UK: The first of 12 low-emission bus zones planned for London’s most polluted streets started operating on March 9. The zone in the southwestern district of Putney will only permit buses achieving strict Euro-6 emissions standards to operate across the seven routes that pass through it.
This will see 145 buses using the zone retrofitted with emissions-reduction technology or replaced with newer, cleaner vehicles. Putney High Street exceeded hourly legal levels of nitrogen dioxide on 1 248 occasions in 2016; EU rules specify that the limit should not be exceeded more than 18 times in a year.
The second low-emission bus zone will start operating in October between Brixton and Streatham, with the remainder to be phased in by 2020.
The Mayor’s office said the low-emission bus zones represent the most extensive network of clean buses of any major world city. They form part of Mayor Sadiq Khan’s wider strategy to reduce emissions from the city’s bus fleet, including the phasing out of diesel-only buses and the purchasing of only hybrid or zero-emission double-deckers from 2018.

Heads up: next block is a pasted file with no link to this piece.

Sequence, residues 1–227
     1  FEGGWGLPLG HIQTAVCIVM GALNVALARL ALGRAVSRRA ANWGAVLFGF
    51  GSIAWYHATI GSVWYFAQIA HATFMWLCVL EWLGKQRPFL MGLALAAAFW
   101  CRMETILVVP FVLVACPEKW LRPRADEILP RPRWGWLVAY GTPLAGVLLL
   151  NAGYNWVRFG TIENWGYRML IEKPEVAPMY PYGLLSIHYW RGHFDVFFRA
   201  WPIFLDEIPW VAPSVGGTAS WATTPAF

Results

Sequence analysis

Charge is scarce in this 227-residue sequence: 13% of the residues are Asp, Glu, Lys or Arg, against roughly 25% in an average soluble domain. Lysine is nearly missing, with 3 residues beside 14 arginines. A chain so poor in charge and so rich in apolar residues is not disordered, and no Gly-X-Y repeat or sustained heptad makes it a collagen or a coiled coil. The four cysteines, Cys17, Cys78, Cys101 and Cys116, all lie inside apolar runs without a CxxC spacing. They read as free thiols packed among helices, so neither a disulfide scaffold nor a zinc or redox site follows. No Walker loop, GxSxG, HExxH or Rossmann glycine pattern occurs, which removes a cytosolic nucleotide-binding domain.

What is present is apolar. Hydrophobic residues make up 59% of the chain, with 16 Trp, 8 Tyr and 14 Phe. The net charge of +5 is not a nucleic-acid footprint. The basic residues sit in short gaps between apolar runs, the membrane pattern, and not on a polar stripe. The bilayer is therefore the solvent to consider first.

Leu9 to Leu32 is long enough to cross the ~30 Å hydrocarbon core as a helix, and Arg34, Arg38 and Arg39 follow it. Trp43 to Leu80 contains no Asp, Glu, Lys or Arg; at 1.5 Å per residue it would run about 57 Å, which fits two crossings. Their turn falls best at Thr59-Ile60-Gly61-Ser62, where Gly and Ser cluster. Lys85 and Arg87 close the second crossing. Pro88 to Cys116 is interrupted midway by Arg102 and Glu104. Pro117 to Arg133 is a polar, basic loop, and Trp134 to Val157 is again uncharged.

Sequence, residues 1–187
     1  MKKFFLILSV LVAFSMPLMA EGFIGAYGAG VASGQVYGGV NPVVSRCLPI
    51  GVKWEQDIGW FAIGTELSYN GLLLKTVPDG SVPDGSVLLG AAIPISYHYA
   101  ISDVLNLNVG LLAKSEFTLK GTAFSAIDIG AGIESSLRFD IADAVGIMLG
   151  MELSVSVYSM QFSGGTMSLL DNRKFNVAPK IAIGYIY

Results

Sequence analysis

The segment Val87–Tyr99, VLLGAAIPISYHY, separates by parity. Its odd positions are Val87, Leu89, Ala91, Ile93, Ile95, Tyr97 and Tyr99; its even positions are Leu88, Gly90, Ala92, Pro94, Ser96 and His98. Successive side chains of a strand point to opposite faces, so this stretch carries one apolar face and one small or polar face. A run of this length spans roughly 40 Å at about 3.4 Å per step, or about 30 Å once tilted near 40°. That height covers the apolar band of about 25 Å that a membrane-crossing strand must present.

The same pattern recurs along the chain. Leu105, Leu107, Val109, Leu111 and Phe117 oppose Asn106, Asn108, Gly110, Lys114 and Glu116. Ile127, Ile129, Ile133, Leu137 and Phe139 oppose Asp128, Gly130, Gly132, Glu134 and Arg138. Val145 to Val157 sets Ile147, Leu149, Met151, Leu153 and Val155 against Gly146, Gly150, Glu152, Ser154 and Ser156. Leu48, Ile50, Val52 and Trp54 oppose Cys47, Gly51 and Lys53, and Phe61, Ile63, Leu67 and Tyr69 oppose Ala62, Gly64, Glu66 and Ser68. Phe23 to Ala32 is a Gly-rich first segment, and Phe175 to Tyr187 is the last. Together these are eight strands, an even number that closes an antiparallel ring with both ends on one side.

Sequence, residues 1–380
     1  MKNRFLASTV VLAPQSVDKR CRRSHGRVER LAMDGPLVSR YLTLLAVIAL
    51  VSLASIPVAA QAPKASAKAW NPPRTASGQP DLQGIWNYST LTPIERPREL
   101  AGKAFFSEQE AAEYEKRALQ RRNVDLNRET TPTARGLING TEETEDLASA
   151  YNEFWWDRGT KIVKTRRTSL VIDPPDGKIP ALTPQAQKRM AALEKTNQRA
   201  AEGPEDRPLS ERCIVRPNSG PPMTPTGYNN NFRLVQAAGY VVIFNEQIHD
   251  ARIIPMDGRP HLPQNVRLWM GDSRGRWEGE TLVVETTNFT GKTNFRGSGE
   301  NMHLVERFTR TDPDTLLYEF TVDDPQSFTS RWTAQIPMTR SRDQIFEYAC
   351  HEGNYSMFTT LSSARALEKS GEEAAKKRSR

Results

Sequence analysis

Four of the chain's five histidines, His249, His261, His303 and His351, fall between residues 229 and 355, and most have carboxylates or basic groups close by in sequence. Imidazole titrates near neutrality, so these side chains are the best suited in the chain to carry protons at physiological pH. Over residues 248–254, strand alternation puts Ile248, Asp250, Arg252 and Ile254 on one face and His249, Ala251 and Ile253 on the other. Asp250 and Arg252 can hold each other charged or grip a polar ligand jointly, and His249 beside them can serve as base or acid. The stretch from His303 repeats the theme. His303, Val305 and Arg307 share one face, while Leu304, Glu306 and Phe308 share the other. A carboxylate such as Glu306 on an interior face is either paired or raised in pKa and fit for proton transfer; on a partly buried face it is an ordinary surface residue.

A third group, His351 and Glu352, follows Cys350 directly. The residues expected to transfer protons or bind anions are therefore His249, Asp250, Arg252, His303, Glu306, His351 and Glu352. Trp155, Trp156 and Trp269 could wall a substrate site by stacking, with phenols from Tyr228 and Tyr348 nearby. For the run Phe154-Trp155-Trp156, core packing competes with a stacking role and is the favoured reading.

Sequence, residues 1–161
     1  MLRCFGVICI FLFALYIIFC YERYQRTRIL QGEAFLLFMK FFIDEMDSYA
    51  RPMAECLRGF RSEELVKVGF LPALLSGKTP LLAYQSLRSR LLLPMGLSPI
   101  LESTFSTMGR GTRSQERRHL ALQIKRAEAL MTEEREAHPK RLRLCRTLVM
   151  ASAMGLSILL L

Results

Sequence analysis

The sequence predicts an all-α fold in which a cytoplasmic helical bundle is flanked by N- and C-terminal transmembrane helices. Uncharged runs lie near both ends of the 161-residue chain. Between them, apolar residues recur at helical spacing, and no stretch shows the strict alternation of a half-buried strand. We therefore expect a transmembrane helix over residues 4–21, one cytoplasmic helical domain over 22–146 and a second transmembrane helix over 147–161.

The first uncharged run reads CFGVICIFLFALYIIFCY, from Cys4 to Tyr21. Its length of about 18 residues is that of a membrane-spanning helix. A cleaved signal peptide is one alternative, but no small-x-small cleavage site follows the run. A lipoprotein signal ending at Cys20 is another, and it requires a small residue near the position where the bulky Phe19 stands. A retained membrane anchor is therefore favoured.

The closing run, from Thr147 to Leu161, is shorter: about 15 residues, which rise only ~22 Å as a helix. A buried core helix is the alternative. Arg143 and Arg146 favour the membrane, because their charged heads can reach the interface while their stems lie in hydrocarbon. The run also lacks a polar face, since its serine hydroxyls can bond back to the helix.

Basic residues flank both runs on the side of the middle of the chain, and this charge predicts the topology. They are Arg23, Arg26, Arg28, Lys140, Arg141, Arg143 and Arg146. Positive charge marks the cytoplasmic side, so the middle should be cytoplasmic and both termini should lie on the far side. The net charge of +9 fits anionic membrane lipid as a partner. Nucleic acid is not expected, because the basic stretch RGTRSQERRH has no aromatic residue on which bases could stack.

‘I have asked Transport for London to remove the oldest, dirtiest buses from our streets’, said Khan, adding ‘I now need other cities around the world to work with me to demand cleaner bus technology so we can phase out diesel buses altogether.’
An 80% reduction of bus emissions across the 12 zones is expected. The clean bus zones will sit outside the Ultra Low Emission Zone, which is due to start in central London as early as 2019 and require all heavy vehicles to achieve Euro-6 standards.